Goldman Sachs Now Offers High-Net-Worth Investors Access to Bitcoin and Ethereum

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According to public filings this week with the SEC, Goldman Sachs plans to offer its largest banking clients access to Ethereum's digital coin Ether (ETH) through a third-party issuance from Galaxy Digital.

This is not the first foray into cryptocurrency investment offerings for Goldman. Last June, the investment banking firm also partnered with Galaxy Digital to launch and manage Goldman's Bitcoin futures offering.

Details of Goldman's Ethereum investment option

According to the amended Form D filing, the "Galaxy Institutional Ethereum Fund" launched in February 2021 with a minimum initial investment of $250,000, basically limiting access to institutional players. The SEC documents further outlined that 28 clients were enrolled in the fund at the time of the filing, with invested assets totaling more than $50 million.

While Goldman was not linked to Galaxy's ETH fund when it launched, the filing noted that Goldman will get an undisclosed sum as a finder's fee for accounts it sends to Galaxy that sign up going forward, "Goldman Sachs & Co. LLC will receive an introduction fee with respect to certain clients introduced to Issuer; CAIS Capital LLC will receive certain placement fees with respect to clients referred to Issuer, each as disclosed to their applicable clients," the filing stated.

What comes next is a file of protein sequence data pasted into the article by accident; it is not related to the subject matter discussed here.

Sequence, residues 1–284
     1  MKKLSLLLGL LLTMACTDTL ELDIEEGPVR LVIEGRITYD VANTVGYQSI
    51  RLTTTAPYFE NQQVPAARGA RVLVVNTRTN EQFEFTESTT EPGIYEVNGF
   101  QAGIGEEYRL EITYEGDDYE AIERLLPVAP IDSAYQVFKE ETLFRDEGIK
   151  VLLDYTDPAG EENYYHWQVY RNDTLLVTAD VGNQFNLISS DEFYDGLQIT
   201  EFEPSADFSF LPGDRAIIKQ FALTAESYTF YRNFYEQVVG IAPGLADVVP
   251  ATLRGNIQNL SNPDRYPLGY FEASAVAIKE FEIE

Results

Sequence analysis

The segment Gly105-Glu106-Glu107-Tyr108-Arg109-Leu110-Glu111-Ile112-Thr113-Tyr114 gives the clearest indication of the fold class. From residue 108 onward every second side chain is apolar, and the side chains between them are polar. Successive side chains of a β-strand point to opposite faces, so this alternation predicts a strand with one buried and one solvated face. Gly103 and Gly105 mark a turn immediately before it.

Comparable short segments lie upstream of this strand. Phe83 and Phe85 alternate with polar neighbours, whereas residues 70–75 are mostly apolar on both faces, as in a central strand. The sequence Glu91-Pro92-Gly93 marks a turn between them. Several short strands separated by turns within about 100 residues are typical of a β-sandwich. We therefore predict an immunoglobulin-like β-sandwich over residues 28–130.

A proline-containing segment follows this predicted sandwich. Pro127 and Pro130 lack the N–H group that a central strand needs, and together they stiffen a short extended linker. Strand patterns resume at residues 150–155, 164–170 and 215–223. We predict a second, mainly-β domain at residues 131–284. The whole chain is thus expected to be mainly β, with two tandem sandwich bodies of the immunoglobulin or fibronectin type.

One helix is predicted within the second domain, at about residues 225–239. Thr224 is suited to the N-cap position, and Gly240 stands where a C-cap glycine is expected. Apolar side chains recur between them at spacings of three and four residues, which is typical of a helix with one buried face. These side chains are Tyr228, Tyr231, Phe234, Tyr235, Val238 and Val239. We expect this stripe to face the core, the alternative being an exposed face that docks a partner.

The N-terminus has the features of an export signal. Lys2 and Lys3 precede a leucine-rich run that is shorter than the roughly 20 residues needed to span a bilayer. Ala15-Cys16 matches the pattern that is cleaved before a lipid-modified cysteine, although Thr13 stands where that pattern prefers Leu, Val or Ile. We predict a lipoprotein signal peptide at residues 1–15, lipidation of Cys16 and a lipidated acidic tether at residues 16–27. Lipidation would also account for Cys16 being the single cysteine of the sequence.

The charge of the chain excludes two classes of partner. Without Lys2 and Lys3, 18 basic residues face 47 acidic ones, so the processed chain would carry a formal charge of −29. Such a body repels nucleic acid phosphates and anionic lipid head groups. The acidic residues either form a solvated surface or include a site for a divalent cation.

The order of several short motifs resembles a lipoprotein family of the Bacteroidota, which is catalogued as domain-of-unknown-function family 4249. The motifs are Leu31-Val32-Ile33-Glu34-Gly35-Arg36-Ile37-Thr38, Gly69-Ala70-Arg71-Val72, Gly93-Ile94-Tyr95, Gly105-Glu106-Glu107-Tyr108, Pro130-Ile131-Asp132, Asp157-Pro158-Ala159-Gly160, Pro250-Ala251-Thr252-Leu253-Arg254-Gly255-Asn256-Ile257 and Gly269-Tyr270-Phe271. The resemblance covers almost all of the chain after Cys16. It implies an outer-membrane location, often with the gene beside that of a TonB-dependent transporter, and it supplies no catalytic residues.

While Galaxy Digital seems to have cracked the SEC code to offer cryptocurrencies to large clients, other efforts have not been as successful.

SEC has been picky about allowing mainstream access to crypto

Last November, the SEC rejected a proposal by VanEck for a Bitcoin exchange-traded fund (ETF) that would have held the actual crypto rather than just Bitcoin futures. Submitted in March, the application sought to buy Bitcoin directly on the "spot" market and hold it in an ETF that investors could then buy into.

While the SEC did allow two Bitcoin futures-based ETFs to begin trading in October 2021, it would not authorize an ETF containing actual Bitcoin, citing in its 51-page report its frequent worries of possible manipulation and fraud, etc within the crypto market. As context, a futures-based ETF invests in indirect contracts to buy or sell an asset at a set date in the future.

It'll be interesting to see if this week's executive order from President Joe Biden that tasked most federal agencies -- including the SEC -- to study and ultimately implement crypto regulation will loosen or limit access to these types of investment options in the future for individual investors.

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Tor Constantino owns Bitcoin and Ethereum.

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